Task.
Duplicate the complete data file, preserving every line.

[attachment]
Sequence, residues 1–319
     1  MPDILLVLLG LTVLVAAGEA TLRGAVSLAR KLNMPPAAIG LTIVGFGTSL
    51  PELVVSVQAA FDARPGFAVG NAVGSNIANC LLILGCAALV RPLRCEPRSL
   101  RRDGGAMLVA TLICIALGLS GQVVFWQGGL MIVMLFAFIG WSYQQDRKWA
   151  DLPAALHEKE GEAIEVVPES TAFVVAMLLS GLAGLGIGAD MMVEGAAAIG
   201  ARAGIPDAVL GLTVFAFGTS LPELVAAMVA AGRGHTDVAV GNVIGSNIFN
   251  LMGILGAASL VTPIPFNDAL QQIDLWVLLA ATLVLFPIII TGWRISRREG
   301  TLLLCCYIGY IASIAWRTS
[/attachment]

Sequence, residues 1–319
     1  MPDILLVLLG LTVLVAAGEA TLRGAVSLAR KLNMPPAAIG LTIVGFGTSL
    51  PELVVSVQAA FDARPGFAVG NAVGSNIANC LLILGCAALV RPLRCEPRSL
   101  RRDGGAMLVA TLICIALGLS GQVVFWQGGL MIVMLFAFIG WSYQQDRKWA
   151  DLPAALHEKE GEAIEVVPES TAFVVAMLLS GLAGLGIGAD MMVEGAAAIG
   201  ARAGIPDAVL GLTVFAFGTS LPELVAAMVA AGRGHTDVAV GNVIGSNIFN
   251  LMGILGAASL VTPIPFNDAL QQIDLWVLLA ATLVLFPIII TGWRISRREG
   301  TLLLCCYIGY IASIAWRTS